Wednesday, April 28

Steve: Goodbye to the Galapagos Islands. This was definitely one of the highlights of all of our travels. We leave feeling unbelievably fortunate to have experienced such a special world. The wonder of the Galapagos is not just its beautiful and amazingly tame wildlife, but also the unique geologic history of these very young islands. This is someplace that everyone should have the opportunity to experience at least once in their lives.

We made a brief visit this morning to the Galapagos Interpretation Center on San Cristobal, and then had a couple of hours to spend in the town before heading to the nearby airport. Our flight back to Quito was uneventful, and this evening we spent time getting ourselves organized for our upcoming 4-day trip to the Amazon Rainforest. Tomorrow we will spend the day exploring Quito (we've now been to Quito on several different occasions, but have never actually spent time exploring the city).


David's Daily Dump: Our Galapagos Experience. I am sure that I will never forget the past week we have spent on the incredible Galapagos Islands. It's been an absolutely unforgettable experience for me. I loved every bit of our trip, from playing with sea lions, to filling up the camera with tons of blue-footed booby pictures. I will always remember the huge inflated balloons of the frigate birds, and the amazing marine iguanas. Swimming with turtles, penguins, sea lions, and sharks was unbelievable. But the most amazing thing of all, which made all of our adventures extraordinary, was how tame all the wildlife was.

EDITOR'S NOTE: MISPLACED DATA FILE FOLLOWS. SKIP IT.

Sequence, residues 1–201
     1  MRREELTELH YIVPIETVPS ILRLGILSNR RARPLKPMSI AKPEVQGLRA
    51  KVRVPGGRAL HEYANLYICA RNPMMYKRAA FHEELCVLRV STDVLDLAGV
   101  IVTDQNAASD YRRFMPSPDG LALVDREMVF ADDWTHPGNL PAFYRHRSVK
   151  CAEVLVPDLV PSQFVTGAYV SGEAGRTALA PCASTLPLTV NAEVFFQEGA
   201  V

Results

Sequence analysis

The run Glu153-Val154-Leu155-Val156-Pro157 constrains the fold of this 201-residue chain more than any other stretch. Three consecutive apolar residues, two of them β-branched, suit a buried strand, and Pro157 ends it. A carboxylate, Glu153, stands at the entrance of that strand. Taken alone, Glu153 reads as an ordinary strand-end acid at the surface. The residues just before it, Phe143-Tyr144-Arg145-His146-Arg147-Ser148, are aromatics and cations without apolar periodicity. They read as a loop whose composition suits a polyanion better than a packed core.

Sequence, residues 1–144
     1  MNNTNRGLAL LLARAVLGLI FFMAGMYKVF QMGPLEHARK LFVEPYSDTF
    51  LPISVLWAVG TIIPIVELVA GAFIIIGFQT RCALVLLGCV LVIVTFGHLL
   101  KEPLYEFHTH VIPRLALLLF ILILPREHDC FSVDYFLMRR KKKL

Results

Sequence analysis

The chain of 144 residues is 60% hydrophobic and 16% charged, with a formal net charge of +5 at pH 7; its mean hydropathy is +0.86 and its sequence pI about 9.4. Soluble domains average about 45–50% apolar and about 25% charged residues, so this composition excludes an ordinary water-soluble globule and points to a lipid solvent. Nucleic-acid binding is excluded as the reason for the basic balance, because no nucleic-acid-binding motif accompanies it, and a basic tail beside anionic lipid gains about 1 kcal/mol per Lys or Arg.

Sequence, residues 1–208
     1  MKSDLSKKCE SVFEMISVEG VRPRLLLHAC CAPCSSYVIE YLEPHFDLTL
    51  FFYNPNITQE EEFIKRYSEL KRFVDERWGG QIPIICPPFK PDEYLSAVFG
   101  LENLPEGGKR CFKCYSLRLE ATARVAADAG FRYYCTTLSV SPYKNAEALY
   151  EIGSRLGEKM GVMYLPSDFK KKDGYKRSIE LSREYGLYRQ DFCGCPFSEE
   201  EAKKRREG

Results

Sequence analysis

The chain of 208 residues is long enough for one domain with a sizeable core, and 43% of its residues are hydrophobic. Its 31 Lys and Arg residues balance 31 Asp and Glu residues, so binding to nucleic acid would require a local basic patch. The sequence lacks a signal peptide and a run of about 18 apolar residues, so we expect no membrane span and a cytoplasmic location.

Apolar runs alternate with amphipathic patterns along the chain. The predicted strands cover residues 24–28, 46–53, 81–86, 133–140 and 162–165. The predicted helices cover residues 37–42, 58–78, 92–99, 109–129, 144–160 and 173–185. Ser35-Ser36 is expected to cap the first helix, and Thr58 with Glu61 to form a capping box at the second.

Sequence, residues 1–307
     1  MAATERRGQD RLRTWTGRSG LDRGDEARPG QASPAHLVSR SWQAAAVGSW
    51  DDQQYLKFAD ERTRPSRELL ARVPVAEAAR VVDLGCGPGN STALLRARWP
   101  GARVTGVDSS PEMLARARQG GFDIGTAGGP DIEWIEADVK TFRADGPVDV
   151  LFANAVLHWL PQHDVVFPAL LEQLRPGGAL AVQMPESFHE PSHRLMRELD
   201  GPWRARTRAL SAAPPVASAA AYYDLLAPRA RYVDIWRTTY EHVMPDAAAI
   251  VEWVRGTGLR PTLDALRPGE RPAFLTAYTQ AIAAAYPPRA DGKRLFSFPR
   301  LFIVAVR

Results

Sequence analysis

I can't explain how amazing it is the first time you actually come within 12 inches of a blue-footed booby, or come face to face (literally) with a baby sea lion in the water. I knew that we were going to be getting close to the wildlife beforehand, but I never could have imagined how tame the animals really were. It's unbelievable. I like to call it"science and evolution in action." These animal's ancestors had never seen humans in the past, and never developed the instinct to be afraid. Now millions of years later, although damage has been done, these creatures still don't feel the need to run for their lives when they encounter somebody.

Seeing this archipelago and all the incredible things that it has to offer makes me want to help protect it so that it will never be lost. It is terrible seeing the sea lions resting on the rocks right by the towns, or watching the birds flying around buildings which used to be their homes. I hated seeing all the introduced vegetation, and especially all the cows grazing in the fields. But through all the sadness and stories of extinction, there is hope. It's amazing seeing the animals and learning about how they have evolved. It's an experience that can't be described in words and something that shouldn't go unseen in a lifetime.













Next Day
Prior Day